Banned Books Week Virtual Read-Out

Banned Books Week Virtual Read-Out

Celebrate your Freedom to Read during Banned Books Week! This year BBW is September 21 - 27! Public libraries support access to information and your freedom to read.

Since the inception of Banned Books Week in 1982, libraries and bookstores throughout the country have staged local read-outs—a continuous reading of banned/challenged books—as part of their activities. For the third year, PPLD is participating and we hope you will help us.

Virtual Read-Out
Wed., Sept. 24
3:30 to 5 p.m.
East Teen Center at the East Library
Readers of All Ages Welcome!

During the Virtual Read-Out, readers of all ages (including you!) will be recorded for up to 3 minutes talking about the book that you choose! A form is provided below to help you write your piece.

Below is a list of frequently banned or challenged books.

Take a look at these quick, great videos of local teens and adults talking about some of their favorite banned or challenged books.

AttachmentSize
VideoPhotoReleaseForm.pdf25.41 KB
Form for virtual read out.pdf128.86 KB
banned books list.pdf212.18 KB

Comments

Banned Books

Why would you want to encourage people, especially children, to read inappropriate books? Everyone always wants to fight against any type of rule or boundary set by others. This is foolishness. We should feel safe sending our children to the library knowing that they will not encounter inappropriate material.

Banned books week is an

Banned books week is an annual event celebrating the freedom to read and the freedom to seek and express ideas, even those some consider unorthodox. Libraries, publishers, book publishers and teachers celebrate the freedom to read.

The books, movies, etc. that have been challenged – that is someone wanted the item removed from a library or a reading list because of personal objections. Some of the classic titles that have been challenged and occasionally removed include The Great Gatsby, The Grapes of Wrath, Gone with the Wind, and the Jungle. Most often challenged titles last year included-Bless Me Ultima, The Hunger Games and the Bluest Eye. Some people do not want to read these titles, but many do. It is amazing to search the Internet for the lists of items that people have objected to. You are bound to be surprised.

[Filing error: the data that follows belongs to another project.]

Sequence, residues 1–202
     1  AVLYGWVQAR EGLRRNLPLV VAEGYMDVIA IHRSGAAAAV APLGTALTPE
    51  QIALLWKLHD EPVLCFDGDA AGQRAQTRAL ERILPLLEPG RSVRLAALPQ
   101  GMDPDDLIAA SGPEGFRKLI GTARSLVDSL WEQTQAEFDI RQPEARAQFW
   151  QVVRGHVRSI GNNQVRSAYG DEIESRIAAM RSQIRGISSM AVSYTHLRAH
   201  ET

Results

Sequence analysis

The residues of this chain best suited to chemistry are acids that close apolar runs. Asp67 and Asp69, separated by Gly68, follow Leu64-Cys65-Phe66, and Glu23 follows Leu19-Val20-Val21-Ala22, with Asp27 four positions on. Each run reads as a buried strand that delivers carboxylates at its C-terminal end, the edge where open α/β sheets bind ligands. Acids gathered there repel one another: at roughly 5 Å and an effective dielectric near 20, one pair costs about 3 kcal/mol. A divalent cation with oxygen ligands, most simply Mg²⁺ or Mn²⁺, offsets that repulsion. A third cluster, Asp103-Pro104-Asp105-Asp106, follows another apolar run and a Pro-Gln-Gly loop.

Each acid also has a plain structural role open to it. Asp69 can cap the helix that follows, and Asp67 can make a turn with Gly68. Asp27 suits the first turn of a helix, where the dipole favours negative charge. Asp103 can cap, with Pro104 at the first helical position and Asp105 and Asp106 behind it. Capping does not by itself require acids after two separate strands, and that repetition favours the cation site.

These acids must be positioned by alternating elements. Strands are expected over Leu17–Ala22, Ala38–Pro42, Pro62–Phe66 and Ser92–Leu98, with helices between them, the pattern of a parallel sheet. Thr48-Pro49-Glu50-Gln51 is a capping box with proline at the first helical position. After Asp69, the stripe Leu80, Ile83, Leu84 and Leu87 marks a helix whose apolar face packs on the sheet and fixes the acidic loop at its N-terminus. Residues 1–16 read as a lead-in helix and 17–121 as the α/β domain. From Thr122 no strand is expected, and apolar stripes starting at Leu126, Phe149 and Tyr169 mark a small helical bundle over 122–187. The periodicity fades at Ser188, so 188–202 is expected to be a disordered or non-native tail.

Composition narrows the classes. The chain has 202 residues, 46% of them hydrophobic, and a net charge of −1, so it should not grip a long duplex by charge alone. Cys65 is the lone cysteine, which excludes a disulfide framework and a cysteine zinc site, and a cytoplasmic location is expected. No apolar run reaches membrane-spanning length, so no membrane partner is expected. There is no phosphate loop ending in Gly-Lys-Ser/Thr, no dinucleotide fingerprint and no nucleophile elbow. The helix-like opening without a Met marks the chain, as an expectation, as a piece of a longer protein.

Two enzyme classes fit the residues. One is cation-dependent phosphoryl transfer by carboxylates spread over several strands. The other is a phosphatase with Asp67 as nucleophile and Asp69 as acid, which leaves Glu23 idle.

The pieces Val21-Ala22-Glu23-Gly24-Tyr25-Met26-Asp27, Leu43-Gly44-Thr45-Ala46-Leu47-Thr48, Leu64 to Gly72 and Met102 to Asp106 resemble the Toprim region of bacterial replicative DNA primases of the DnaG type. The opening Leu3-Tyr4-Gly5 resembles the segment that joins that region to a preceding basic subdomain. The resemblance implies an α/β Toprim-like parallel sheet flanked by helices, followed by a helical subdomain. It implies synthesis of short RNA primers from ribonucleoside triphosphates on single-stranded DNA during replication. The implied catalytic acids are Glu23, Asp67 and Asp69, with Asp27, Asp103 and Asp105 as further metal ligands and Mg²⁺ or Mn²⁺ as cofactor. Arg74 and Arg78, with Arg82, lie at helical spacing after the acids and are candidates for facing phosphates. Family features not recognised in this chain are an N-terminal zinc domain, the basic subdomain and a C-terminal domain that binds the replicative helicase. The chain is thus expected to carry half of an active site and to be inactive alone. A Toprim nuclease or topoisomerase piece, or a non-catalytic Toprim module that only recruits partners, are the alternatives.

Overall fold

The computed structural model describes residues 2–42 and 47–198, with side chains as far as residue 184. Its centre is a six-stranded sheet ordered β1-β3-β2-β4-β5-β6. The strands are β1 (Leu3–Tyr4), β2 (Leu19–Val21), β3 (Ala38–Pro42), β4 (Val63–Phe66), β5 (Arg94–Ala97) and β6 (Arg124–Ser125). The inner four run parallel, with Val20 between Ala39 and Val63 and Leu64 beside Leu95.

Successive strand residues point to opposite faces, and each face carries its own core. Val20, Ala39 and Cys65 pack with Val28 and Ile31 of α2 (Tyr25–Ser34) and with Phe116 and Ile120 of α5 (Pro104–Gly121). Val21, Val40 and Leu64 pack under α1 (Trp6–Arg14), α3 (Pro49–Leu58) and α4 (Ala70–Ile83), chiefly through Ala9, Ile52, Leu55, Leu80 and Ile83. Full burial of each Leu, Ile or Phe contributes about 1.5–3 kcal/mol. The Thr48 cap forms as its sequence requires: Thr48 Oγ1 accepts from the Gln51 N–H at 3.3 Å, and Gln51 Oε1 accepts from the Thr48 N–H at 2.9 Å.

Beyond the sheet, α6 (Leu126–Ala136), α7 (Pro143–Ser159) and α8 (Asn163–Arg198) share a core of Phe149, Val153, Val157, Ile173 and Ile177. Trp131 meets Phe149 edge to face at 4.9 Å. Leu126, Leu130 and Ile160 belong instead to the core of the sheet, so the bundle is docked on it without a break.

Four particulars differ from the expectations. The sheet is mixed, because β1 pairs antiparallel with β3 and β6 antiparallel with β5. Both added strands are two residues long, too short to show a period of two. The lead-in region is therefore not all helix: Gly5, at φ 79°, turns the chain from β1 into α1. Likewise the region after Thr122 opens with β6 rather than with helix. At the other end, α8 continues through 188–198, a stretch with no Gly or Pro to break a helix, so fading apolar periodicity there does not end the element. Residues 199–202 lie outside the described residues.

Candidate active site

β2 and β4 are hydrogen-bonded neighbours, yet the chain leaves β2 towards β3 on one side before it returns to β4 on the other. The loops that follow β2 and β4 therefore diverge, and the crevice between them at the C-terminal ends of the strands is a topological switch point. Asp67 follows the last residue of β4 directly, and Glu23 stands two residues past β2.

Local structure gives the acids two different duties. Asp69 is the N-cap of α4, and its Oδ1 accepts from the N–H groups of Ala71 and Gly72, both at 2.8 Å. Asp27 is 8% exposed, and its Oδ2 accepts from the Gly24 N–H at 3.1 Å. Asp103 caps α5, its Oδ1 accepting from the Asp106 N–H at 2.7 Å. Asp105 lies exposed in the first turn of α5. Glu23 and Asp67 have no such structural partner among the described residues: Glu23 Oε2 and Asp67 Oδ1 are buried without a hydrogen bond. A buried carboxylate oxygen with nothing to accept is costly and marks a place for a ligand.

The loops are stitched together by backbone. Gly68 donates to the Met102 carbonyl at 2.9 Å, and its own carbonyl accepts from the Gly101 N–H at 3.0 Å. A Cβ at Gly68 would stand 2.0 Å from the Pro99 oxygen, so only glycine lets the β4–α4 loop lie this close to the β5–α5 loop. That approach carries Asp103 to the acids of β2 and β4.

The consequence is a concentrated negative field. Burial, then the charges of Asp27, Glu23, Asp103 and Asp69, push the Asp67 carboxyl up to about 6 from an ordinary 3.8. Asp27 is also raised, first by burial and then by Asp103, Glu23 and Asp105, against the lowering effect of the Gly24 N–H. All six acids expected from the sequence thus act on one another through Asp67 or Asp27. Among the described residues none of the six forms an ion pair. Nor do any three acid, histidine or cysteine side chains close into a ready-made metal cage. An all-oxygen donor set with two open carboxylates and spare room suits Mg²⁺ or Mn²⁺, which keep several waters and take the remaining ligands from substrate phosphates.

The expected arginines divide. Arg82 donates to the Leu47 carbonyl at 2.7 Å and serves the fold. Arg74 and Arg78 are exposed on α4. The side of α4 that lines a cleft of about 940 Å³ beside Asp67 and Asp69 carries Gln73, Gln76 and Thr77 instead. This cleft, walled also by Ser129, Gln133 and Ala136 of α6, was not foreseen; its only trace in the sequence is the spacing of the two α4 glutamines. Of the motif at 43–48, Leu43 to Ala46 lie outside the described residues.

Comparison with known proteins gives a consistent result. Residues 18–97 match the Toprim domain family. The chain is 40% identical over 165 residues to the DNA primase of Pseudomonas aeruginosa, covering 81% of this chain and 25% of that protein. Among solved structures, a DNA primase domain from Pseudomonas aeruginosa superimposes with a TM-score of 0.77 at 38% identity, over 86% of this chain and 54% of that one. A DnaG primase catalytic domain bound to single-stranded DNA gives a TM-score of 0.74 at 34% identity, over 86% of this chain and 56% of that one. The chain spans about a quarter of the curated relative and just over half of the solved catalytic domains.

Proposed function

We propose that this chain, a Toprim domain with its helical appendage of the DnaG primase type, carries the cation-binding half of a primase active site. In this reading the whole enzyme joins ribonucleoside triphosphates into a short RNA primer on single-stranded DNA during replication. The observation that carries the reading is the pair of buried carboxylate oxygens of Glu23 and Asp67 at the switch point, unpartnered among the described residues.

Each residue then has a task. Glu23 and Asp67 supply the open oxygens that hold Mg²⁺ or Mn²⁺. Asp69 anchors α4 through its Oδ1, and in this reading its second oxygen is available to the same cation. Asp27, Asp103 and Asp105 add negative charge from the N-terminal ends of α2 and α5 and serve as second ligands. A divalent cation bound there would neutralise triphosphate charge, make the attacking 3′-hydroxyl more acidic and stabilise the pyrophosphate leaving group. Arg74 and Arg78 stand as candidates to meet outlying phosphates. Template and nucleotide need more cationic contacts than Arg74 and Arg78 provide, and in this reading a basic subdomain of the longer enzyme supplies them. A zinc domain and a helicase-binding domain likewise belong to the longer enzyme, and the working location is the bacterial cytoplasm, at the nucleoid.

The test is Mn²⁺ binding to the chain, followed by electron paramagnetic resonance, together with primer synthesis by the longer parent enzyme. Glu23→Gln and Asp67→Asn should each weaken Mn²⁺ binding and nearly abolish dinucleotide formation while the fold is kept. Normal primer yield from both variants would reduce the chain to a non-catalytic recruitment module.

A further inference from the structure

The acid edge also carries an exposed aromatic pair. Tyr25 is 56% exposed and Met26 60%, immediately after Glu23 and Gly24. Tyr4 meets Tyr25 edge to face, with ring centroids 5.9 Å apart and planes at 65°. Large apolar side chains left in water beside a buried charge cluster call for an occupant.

The items on display at our Libraries are not items that have been challenged at the Pikes Peak Library District. We are fortunate to have very few items challenged. The idea is that one person’s objections should not dictate what other patrons read or view or listen to.

The displays are meant to celebrate the right to read the materials that you are interested in. Inappropriate material varies from person to person and family to family and it is important to set guidelines for your own family. Sydne Dean , Associate Director of Public Services

The Great American Democracy

The American Democracy--of which I am proud to be a citizen--was built on principles of freedom. That includes the freedom to consume material which others--such as yourself--find objectionable. Communist China bans books. The Third Reich banned books. The North Korean government bans books. Fortunately, we live in a Democracy rather than a Dictatorship, and so we are free to read whatever books we choose. I, for one, am proud to be a patron of a library district which supports freedom and democracy rather than censorship and dictatorship.

I understand the concern, but

I understand the concern, but many of the books on this list are children's books (some have/are on the Battle of the Books list as well). I think that the aim of having a a banned book list read out is to enjoy these books and ideas that are often banned elsewhere; we should be thankful to have such freedoms.